Bahrain Accused of Blacklisting Shi’a Books

Rights movement says Bahraini government has blacklisted Lebanese publishers at an upcoming book fair.

By BY RACHELLE KLIGER / THE MEDIA LINE
February 9, 2010 16:51
2 minute read.
book censorship

book censorship. (photo credit: courtesy)

 
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Ahmad Kabalan, a representative of the Kabalan shipping company told The Media Line in an email that there was “no blacklist.” 

Al-Singace said it was likely the company did not want to draw unwanted attention. He said it is part of a political maneuver to stifle religious freedom in Bahrain, especially against Shi’ites, who constitute a majority in the Gulf country, but suffer from discrimination. 

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 “The list of targeted publishers includes those publishing Shi’a books in particular,” Al-Singace said. “Those confiscated in the 2004 exhibition were mostly Shi’a books and some of them are historic, covering different historic periods in Bahrain, and they were considered subversive…We assume this is part of a systematic attack on the Shi’as religious freedoms.”

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Though Bahrain’s leadership is Sunni, Shi’ites have a 60-70% majority among the population.

“The authorities are trying to change that situation,” Al-Singace said. “[The government] is importing tens of thousands of Sunnis from certain backgrounds – Syria, Jordan, Iraq, Saudi Arabia, Yemen, and Baluchistan of Pakistan - in order to change the demography by converting the majority Shi’a into a minority and controlling the output of any election process.”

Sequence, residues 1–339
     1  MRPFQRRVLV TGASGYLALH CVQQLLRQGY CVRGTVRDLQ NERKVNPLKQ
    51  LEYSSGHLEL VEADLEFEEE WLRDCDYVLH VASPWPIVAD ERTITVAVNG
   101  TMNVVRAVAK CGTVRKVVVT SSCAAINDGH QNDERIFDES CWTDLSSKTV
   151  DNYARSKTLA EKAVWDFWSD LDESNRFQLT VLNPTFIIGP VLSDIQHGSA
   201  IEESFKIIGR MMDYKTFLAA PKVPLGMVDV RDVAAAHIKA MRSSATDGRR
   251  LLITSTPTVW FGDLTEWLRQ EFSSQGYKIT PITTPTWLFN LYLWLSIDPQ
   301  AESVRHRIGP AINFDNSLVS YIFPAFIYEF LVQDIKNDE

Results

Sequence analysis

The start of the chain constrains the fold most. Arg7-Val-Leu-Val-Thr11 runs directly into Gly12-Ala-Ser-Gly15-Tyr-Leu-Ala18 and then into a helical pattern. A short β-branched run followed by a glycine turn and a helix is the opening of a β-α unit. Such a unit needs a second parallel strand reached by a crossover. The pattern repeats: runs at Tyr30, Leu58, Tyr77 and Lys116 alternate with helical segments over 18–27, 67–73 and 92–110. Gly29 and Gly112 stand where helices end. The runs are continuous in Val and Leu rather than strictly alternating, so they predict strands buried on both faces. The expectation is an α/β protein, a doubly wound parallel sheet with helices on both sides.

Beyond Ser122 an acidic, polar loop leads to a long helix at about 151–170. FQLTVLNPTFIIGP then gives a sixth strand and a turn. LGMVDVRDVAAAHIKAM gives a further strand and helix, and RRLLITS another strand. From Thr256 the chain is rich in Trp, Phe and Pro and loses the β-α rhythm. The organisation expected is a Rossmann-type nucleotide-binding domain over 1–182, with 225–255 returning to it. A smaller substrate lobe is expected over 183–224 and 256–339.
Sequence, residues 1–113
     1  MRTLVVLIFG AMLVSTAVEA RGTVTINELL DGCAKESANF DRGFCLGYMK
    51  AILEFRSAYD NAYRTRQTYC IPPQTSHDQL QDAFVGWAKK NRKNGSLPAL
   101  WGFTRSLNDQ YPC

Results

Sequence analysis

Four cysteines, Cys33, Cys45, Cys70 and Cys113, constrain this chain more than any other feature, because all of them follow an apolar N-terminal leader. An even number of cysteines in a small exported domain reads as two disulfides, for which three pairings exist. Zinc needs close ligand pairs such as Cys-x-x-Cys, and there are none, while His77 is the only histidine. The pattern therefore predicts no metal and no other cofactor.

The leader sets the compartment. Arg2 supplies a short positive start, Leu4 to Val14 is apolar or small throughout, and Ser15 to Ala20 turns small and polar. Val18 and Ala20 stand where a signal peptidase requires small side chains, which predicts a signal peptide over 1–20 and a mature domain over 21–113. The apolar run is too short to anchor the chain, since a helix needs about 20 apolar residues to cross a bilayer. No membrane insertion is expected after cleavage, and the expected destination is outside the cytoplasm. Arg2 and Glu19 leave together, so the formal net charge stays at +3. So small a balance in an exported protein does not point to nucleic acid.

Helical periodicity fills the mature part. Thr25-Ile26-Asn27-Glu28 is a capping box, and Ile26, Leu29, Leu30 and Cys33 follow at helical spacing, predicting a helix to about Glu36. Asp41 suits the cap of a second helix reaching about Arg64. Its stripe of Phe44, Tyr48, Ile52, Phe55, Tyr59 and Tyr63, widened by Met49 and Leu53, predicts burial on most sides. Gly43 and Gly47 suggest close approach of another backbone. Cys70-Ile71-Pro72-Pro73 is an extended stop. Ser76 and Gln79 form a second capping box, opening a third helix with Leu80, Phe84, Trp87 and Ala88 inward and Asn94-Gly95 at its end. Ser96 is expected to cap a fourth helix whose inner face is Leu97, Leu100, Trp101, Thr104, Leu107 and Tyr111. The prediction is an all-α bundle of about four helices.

Tensions between Sunnis and Shi’ites, and reports of discrimination against Shi’ites in Bahrain are rife. 



According to the US State Department’s most recent report on religious freedom in Bahrain, Shi'a Muslims comprise the majority of the poor citizen population in Bahrain and have a higher unemployment rate than Sunni Muslims who dominate in government positions, the managerial ranks of the civil service, the military and the security forces. 

“Shi'as were under-represented in the Ministry of Education in both the leadership and in the ranks of head teachers who teach Islamic studies and supervise and mentor other teachers,” the 2009 report said. 

“At the secondary school level, out of more than a dozen Islamic studies head teachers, only two were Shi'a. Although there were many Islamic studies teachers who were Shi'a, school authorities discouraged them from introducing content about Shi'a traditions and practices and instructed them to follow the curriculum.”

The report said the Ministry of Information continued to ignore requests by the government-run TV station to broadcast Friday sermons live from Shi'a mosques, as it did from Sunni mosques.

“Although there were exceptions, the Sunni Muslim citizen minority enjoyed favored status,” it concluded.

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